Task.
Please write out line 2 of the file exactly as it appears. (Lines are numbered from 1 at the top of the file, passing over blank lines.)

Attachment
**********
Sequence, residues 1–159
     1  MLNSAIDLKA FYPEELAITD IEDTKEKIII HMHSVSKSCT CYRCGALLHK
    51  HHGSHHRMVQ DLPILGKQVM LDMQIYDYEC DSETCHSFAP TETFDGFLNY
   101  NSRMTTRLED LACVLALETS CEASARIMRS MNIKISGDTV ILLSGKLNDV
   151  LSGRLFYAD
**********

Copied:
     1  MLNSAIDLKA FYPEELAITD IEDTKEKIII HMHSVSKSCT CYRCGALLHK